Leader: After the quake

This has been a year of profound shocks, from the revolts in the Middle East and North Africa to the earthquake and tsunami in north-east Japan and the continuing trauma at the stricken Fukushima Daiichi nuclear power plant. The Japanese are an extraordinarily resilient people. As the award-wining novelist Susanna Jones, who knows the country well, writes on page 22, they "have always lived with the knowledge that natural disaster can occur at any moment and, for the past couple of decades, with the knowledge that an earthquake, 'the big one', was due".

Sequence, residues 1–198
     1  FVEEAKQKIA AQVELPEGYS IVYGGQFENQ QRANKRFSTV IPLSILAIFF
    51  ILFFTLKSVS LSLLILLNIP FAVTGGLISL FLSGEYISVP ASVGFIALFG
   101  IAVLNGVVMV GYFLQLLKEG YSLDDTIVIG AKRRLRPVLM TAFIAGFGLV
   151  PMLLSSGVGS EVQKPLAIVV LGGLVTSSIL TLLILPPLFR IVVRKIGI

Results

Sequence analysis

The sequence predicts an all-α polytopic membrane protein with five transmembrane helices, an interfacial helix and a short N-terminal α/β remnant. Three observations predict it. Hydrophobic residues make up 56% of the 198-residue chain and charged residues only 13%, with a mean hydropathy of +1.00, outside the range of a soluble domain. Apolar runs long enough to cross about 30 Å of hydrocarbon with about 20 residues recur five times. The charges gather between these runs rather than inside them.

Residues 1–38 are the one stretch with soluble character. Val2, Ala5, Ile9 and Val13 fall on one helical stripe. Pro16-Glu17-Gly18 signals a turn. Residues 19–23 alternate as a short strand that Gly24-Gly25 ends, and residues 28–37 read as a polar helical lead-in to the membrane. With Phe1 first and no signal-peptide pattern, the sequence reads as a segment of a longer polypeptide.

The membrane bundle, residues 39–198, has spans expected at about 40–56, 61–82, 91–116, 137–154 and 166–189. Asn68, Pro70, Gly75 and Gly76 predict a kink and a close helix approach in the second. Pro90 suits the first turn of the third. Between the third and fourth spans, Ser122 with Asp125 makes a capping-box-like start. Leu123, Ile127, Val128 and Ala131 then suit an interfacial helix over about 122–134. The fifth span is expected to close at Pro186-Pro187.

They know this but persist all the same. Not surprisingly, Japanese culture is suffused with a heightened sense of the transience of life.

This latest natural catastrophe has occurred just as the world economy was beginning to recover from the financial crash of 2008 and the subsequent sovereign debt crises in Europe. Now, because of the interconnectedness of the global economy, we are once more plunged into a period of uncertainty, with stock markets tumbling and oil and other commodity prices rising. What is urgently required is boldness, vision and flexibility from our world leaders if another world recession is to be prevented.

This article first appeared in the 21 March 2011 issue of the New Statesman, The drowned world